Countless books have been written about why Nazi Germany lost World War II, yet remarkably little attention has been paid to the equally vital question of how and why it was able to hold out as long as it did. The Third Reich did not surrender until Germany had been left in ruins and almost completely occupied. Even in the near-apocalyptic final months, when the war was plainly lost, the Nazis refused to sue for peace. Historically, this is extremely rare.
Drawing on original testimony from ordinary Germans and arch-Nazis alike, award-winning historian Ian Kershaw explores this fascinating question in a gripping and focused narrative that begins with the failed bomb plot in July 1944 and ends with the German capitulation in May 1945. Hitler, desperate to avoid a repeat of the “disgraceful” German surrender in 1918, was of course critical to the Third Reich’s fanatical determination, but his power was sustained only because those below him were unable, or unwilling, to challenge it. Even as the military situation grew increasingly hopeless, Wehrmacht generals fought on, their orders largely obeyed, and the regime continued its ruthless persecution of Jews, prisoners, and foreign workers. Beneath the hail of allied bombing, German society maintained some semblance of normalcy in the very last months of the war. The Berlin Philharmonic even performed on April 12, 1945, less than three weeks before Hitler’s suicide.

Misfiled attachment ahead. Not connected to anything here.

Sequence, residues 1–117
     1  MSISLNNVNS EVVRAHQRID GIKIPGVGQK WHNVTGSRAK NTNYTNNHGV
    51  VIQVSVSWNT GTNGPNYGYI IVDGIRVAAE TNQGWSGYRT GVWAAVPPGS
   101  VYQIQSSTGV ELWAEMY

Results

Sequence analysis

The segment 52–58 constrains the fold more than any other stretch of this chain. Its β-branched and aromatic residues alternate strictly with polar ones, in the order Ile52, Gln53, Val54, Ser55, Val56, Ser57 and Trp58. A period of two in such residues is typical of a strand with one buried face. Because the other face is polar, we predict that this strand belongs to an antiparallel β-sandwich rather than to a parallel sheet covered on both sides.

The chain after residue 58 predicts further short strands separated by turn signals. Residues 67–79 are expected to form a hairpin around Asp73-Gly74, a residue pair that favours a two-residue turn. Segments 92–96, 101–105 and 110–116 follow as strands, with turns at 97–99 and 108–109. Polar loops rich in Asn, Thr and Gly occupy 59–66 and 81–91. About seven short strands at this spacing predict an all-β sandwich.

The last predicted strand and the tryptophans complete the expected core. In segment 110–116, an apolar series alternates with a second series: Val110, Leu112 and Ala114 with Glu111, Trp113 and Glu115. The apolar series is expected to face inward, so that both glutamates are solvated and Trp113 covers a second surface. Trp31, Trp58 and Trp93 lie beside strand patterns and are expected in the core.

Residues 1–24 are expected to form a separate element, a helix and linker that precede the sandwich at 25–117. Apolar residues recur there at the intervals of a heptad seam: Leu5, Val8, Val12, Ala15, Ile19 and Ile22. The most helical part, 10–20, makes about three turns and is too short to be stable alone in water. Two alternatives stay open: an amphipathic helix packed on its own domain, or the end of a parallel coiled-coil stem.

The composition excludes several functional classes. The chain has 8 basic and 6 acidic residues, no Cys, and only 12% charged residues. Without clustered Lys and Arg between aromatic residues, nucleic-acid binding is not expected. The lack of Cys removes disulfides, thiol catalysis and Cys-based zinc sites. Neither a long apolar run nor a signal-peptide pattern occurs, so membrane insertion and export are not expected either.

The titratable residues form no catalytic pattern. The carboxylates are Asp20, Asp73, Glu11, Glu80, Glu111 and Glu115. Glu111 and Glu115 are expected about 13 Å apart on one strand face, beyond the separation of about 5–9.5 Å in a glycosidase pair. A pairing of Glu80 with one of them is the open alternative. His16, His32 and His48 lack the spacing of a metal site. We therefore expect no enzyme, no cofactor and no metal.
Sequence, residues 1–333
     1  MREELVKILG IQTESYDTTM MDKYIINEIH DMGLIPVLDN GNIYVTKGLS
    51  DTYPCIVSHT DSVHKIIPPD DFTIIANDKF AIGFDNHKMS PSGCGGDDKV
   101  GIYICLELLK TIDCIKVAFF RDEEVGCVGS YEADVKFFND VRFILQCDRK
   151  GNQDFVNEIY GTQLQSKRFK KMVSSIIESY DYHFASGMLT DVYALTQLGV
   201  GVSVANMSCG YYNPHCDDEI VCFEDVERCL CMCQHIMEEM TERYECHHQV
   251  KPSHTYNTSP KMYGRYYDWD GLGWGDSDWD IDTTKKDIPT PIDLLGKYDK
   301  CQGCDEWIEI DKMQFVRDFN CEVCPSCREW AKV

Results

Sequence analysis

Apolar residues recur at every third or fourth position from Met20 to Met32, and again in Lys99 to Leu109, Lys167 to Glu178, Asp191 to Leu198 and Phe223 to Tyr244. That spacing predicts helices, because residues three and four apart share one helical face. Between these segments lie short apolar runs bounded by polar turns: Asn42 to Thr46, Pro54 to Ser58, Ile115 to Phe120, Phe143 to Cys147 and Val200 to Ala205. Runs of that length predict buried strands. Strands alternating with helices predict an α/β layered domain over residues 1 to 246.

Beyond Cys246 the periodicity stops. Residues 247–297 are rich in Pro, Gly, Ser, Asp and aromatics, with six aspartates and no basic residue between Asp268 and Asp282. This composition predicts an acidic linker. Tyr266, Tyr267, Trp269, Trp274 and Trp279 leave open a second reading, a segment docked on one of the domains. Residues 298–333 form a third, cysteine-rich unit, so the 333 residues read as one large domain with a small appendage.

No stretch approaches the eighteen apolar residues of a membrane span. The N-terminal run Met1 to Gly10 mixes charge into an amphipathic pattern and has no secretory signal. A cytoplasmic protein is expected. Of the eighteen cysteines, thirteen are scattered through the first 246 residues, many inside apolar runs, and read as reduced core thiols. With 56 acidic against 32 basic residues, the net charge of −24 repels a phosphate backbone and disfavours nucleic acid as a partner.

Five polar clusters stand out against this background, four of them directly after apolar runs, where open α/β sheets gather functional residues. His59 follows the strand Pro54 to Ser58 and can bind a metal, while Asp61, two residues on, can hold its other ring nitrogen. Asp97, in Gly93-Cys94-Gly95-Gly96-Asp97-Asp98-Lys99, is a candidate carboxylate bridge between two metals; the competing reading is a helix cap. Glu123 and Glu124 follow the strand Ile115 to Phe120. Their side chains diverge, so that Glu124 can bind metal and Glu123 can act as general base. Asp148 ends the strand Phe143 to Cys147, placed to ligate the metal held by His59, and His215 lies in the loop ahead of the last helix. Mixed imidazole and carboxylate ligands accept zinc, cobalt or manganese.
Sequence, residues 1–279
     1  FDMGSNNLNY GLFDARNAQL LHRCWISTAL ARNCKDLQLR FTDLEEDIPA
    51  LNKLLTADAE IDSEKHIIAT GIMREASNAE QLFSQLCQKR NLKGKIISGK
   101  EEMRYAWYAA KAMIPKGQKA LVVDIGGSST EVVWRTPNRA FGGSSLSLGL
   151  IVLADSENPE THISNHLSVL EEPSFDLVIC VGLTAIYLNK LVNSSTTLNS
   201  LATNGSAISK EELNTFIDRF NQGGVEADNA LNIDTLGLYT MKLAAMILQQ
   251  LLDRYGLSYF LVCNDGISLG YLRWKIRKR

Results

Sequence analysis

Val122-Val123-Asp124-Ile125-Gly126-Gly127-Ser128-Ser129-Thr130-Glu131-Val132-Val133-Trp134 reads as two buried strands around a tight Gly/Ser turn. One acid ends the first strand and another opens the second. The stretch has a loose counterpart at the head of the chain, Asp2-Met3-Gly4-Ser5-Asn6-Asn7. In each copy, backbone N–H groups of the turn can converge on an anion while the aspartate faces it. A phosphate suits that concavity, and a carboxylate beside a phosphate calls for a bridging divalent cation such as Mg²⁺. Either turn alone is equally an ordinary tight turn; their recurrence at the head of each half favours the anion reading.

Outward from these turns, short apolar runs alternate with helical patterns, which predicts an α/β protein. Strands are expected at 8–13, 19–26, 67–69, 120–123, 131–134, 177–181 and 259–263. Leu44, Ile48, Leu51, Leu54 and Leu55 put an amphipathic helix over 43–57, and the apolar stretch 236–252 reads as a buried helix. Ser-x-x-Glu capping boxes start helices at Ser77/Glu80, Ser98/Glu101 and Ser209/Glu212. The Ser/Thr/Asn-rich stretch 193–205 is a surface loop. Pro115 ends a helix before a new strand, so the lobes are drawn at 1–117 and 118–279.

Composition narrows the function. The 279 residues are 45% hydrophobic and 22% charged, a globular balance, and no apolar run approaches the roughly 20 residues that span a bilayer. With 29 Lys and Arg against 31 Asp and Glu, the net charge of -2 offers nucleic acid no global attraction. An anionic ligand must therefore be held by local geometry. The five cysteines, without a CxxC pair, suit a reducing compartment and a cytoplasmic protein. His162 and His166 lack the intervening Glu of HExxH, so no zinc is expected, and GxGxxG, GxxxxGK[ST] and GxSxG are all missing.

As Kershaw shows, the structure of Hitler’s “charismatic rule” created a powerful negative bond between him and the Nazi leadership- they had no future without him, and so their fates were inextricably tied. Terror also helped the Third Reich maintain its grip on power as the regime began to wage war not only on its ideologically defined enemies but also on the German people themselves. Yet even as each month brought fresh horrors for civilians, popular support for the regime remained linked to a patriotic support of Germany and a terrible fear of the enemy closing in.
Based on prodigious new research, Kershaw’s The End is a harrowing yet enthralling portrait of the Third Reich in its last desperate gasps.